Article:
My Brush with the Bois

On Saturday I spent a few hours in Bois de Boulogne, a huge park on the edge of Paris. Certain parts resemble a forest so quiet that I think, “If I get lost, no one will find me,” but then I make one turn and suddenly I’m next to a wide road with cars and pedestrians and cyclists on a cement path.67.boisdeboulogne.2014a 67.boisdeboulogne.2014b 67.boisdeboulogne.2014cWalking on the outskirts of Bois de Boulogne brought me back to my first week in Paris, when I got lost by the bois at night. I was trying to get to my friends’ house in Puteaux, a suburb slightly outside of the city. These friends, a couple and their nine-year-old daughter, were people to whom I was eternally grateful and who, oddly enough, I would not have called friends a week earlier.

I had corresponded with the woman a few times by email quite a while before I even knew I was going to Paris, but we lost contact when she became busy. Leading up to my arrival, I dropped her a line and mentioned that I was moving to France and was a bit stressed by the idea of looking for an apartment. She offered the aid of her husband, who had more flexible working hours and could Skype with me to discuss my search. During our IM chat, he asked me if anyone was picking me up from the airport. The answer to that was definitely no. I knew a few people in Paris, but I didn’t want to impose, plus I knew that at least a couple of them would be at work when I arrived on Monday morning. My friend’s husband said that he would pick me up. I was floored. But that is another story, the story of my first day in Paris.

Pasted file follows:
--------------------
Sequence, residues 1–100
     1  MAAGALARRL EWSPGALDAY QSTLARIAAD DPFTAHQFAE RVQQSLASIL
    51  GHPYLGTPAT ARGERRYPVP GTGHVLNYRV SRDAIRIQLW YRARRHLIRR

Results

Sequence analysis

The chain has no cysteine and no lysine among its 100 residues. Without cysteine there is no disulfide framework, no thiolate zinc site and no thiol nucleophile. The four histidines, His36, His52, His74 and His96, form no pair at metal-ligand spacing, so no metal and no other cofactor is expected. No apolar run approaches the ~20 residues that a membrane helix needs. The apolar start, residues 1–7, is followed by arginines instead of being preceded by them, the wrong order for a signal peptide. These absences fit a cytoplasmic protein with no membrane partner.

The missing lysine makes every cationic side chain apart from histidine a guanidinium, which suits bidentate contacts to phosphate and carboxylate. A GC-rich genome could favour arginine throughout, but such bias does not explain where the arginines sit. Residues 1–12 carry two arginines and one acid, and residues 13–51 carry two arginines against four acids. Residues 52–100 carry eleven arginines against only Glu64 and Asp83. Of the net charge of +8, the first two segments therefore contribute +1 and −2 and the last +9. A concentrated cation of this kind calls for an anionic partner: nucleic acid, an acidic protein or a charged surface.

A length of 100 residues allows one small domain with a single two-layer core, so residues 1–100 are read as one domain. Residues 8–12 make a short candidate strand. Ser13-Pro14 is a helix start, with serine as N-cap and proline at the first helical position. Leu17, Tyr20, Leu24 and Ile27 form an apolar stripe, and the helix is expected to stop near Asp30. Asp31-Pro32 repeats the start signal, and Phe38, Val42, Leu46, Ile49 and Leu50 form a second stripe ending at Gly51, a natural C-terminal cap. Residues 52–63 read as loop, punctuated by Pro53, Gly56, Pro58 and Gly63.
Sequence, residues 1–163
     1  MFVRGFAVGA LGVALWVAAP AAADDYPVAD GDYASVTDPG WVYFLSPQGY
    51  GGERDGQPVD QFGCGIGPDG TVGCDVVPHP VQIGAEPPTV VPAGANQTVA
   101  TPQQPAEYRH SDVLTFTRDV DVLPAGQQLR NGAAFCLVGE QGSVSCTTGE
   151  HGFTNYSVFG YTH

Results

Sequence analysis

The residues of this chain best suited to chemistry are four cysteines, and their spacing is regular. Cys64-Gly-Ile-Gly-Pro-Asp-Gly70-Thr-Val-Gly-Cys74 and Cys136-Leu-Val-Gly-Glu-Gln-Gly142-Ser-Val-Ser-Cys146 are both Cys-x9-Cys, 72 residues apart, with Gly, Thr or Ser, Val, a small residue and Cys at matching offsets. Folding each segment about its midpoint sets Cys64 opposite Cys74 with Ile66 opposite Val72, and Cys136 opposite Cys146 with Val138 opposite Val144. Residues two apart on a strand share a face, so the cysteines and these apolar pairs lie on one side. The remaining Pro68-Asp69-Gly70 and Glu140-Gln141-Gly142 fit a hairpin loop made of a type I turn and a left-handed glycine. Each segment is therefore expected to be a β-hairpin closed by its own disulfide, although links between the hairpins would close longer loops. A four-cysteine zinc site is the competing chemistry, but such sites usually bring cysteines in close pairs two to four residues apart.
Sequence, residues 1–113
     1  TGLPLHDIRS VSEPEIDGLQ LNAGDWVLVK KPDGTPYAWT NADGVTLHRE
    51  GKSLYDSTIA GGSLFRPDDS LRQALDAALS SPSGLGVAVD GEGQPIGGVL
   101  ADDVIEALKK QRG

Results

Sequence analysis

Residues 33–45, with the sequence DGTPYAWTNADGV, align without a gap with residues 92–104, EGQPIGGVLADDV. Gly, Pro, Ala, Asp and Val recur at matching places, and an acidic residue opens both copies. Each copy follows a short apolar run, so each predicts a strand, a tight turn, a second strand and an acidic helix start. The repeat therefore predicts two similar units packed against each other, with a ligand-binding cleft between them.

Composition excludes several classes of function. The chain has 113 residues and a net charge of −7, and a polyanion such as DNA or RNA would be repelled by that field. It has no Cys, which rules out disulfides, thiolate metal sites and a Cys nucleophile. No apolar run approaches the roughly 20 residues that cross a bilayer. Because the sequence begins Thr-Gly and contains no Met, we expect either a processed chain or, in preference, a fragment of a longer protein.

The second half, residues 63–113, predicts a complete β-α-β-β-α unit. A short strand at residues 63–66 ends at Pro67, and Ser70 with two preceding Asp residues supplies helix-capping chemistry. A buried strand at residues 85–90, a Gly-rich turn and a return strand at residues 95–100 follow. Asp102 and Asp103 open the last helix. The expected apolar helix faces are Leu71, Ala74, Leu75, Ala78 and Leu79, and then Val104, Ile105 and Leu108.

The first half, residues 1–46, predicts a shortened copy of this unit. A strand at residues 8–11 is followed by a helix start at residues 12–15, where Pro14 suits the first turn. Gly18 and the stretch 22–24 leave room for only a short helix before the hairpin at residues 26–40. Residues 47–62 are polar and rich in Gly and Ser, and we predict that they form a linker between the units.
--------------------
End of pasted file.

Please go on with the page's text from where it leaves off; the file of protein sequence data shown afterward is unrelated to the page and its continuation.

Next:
On the day I landed in France, I didn’t get a chance to meet my friend and her daughter or give them the gifts and food items I had brought from the United States. That is how I ended up on my way to Puteaux about a week after my arrival. Since they lived outside Paris, to make it as easy for them as possible, I had offered to go to their house to deliver the goods. Of course, it wasn’t that simple…

Up until then I hadn’t taken public transportation out of the city before, nor had I ridden the bus except in my student days. During my semester in Paris, I would take the night bus after the last metro had stopped running, but even that I must have only done two or three times. I was not yet the loyal bus rider I am now.

To find the route to my friends’ apartment, I input my address and theirs into RATP.fr, the official public transportation web site. I followed the directions without really having a sense of the area around their apartment. Instead of taking the tram, which is a stone’s throw from their place, I took a metro and a bus and got off at a stop with plans to walk the rest of the way. Wasn’t I surprised, then, when I got off at the indicated bus stop and found myself on the edge of dark woods with hardly anyone in sight? Furthermore, because the road was next an immense park, you could walk for long stretches without seeing a street sign. In any case, the streets would not have been marked on my Paris map, as I was outside the city.

I didn’t want to make my friend’s husband pick me up, so I started walking to find a sign or someone I could ask for directions. Picture an isolated path at night with a road on one side and woods on the other. Picture me, a not-tall Asian American girl with glasses trying not to look lost.